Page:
Shefali Milczarek-Desai is an attorney, teacher, and author who integrates her experiences in the areas of litigation, employment, and immigration law with her passion for education, writing, and public service. In addition to supervising and mentoring students, Shefali is an advocate for marginalized populations and a legal scholar on sanctuary city issues. Director of the University of Arizona Workers’ Rights Clinic, Shefali is also a Rhodes Scholarship Finalist, a Notre Dame Law School Feminist Jurisprudence award winner, and has authored numerous articles and essays as well as a book-length manuscript selected by Lidia Yuknavitch as a finalist for Kore Press’ Memoir Award.
Melani “Mele” Martinez is a teacher, writer, mother, and flamenco artist from Tucson, Arizona. She has studied and performed flamenco for over 25 years. Mele holds an MFA in Creative Nonfiction and is currently at work on a memoir entitled The Molino. Her latest flamenco project Luz, a solo dance production and blog series honoring mothers in the arts, was awarded grants from Arizona Commission on the Arts and the Arts Foundation of Tucson and Southern Arizona. She co-directs Flamenco Tucsonense with her husband and works as a Lecturer in the Writing Program at the University of Arizona.
Sara Hubbs is a writer of creative non-fiction, a teacher of movement, a multi-media artist, and a mother. She completed an MFA in Visual Art at the George Washington University in Washington, D.C. and has shown nationally and internationally in Mexico City, Abu Dhabi, New York City, and recently in a two-person show at Modified Arts in Phoenix. She is the co-founder of Stew-dio Visit, an artist collective. Her piece, “Night Fishing,” will be published in a forthcoming anthology from Talking Writing on mental illness. She was raised in Phoenix, AZ and now lives in Tucson with her family.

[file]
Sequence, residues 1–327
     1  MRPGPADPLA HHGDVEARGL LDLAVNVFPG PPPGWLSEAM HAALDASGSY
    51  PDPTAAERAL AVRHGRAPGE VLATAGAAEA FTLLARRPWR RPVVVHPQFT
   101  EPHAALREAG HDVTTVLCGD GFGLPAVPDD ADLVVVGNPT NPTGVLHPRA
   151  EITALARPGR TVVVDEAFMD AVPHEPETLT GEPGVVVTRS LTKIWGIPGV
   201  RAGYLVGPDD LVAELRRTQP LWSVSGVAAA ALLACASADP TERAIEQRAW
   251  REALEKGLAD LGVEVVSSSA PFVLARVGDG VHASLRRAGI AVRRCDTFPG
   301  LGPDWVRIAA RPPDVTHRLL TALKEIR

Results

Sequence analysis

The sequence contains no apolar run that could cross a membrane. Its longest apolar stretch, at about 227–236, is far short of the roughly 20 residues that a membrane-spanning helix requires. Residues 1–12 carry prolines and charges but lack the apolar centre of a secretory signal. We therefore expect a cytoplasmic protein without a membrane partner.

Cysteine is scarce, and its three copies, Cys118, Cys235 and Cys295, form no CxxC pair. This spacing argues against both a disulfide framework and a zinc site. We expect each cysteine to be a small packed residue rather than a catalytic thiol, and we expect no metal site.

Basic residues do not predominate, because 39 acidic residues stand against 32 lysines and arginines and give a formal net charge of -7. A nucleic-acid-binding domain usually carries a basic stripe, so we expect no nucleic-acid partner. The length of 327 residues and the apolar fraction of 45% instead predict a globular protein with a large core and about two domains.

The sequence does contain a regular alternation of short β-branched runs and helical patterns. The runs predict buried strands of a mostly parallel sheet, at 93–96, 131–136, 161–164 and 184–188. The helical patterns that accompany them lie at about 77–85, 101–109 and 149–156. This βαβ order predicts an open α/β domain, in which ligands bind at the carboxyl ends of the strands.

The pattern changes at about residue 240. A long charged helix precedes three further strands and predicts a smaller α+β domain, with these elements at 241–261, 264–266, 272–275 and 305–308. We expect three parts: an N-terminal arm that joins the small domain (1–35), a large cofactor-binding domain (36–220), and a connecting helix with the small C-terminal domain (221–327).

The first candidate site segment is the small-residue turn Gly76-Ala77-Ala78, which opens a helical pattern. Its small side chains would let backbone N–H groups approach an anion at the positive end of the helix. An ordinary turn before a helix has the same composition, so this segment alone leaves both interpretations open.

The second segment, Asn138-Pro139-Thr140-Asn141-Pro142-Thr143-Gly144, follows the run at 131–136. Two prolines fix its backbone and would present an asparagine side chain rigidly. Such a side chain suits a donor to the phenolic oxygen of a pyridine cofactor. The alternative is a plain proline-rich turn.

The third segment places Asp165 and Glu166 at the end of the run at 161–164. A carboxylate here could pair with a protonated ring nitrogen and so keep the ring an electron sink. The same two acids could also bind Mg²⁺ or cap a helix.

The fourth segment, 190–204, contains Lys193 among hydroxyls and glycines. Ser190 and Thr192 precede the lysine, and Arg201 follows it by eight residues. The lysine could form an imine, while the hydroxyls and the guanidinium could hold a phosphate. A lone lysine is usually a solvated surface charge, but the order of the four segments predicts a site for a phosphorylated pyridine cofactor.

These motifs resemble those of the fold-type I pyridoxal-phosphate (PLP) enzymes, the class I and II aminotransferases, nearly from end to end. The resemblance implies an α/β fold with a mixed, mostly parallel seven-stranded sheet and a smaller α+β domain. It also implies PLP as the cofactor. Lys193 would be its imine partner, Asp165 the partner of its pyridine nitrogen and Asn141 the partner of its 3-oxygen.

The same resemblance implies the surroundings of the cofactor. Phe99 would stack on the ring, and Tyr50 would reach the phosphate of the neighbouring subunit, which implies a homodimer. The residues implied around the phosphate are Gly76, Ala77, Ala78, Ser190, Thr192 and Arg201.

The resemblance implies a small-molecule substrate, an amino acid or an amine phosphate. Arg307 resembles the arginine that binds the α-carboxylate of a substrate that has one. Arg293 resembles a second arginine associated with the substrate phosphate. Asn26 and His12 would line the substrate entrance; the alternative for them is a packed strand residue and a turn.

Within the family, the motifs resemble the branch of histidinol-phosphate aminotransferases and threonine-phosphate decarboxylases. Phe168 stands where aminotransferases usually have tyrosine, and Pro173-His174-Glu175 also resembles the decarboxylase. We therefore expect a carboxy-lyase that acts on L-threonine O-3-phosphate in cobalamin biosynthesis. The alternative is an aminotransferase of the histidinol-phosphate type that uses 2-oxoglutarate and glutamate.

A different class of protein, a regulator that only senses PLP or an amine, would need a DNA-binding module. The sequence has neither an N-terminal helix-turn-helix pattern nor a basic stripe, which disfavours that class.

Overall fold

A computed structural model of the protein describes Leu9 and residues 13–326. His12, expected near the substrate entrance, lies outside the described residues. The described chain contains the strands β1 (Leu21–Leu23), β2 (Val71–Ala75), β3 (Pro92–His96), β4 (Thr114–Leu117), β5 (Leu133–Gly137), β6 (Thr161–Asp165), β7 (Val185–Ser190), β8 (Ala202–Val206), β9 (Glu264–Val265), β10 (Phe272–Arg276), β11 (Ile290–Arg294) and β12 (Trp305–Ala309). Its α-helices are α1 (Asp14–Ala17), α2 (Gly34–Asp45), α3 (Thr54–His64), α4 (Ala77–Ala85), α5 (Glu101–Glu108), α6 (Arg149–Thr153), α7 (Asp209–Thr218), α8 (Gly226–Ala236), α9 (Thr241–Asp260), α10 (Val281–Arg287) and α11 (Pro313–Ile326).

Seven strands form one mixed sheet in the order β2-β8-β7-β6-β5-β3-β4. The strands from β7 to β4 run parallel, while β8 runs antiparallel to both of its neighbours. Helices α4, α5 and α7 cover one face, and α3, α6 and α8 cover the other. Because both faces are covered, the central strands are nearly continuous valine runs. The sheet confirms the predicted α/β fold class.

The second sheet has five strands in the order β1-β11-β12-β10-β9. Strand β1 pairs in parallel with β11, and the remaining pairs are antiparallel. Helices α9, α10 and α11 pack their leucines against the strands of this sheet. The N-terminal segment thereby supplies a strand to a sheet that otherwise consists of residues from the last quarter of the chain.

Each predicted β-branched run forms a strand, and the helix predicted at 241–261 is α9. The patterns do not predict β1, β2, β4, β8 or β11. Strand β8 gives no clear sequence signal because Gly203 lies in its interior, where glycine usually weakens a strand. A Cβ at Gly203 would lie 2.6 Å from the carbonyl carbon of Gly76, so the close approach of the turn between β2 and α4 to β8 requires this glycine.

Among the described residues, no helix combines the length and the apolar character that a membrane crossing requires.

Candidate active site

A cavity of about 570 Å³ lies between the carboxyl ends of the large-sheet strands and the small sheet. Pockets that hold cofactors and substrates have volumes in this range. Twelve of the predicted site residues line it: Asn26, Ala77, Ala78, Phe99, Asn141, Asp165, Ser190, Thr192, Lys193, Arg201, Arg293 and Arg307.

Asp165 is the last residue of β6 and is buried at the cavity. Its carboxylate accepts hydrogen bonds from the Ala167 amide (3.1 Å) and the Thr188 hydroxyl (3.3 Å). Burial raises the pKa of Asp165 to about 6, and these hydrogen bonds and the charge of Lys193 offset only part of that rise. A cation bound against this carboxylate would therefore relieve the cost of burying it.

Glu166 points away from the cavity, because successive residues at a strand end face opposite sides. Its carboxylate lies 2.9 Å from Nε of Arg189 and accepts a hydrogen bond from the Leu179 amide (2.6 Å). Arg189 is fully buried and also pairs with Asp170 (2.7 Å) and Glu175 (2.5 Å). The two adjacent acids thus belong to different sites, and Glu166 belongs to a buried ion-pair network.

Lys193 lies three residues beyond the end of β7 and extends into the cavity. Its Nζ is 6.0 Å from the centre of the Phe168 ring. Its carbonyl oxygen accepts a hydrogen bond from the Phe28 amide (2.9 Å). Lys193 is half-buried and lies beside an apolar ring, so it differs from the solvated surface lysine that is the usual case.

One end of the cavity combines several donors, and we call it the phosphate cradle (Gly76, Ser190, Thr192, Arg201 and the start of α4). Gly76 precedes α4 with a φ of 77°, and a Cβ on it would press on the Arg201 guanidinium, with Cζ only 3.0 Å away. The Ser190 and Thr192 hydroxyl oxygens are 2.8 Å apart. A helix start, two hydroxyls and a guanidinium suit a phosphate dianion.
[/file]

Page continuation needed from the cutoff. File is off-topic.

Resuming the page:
Thanks to Jen Nowicki Clark for her generous story coaching skills, and to Tucson’s Jewish History Museum for hosting us in their Memorial Garden. Snacks and some drink provided; please bring offerings for the potluck table if you are able.
As the Director of the consulting firm, Creative Narrations, Jen Nowicki Clark has been facilitating live and multi-media digital storytelling workshops for 18 years nationally and internationally. Jen also serves on the board of Odyssey Storytelling, a non-profit organization supporting monthly live storytelling events in Tucson. She is an educator, organizer, artist, story coach and parent who loves language and witnessing how sharing stories in new ways can transform and connect us as individuals and as communities. She holds a BA in Sociology from Boston College and an MA in Linguistics from the University of Arizona.
Tickets $15 in advance, $20 at the door.
Proceeds from this event support the intersectional feminist work of the Kore Press Institute, dedicated to keeping the margins in the center through publishing, social justice education, and innovative community programming. With a particular focus on women and trans writers, artists of color, and queer voices, Kore’s award-winning art and justice work has impacted communities locally and nationally for 25 years.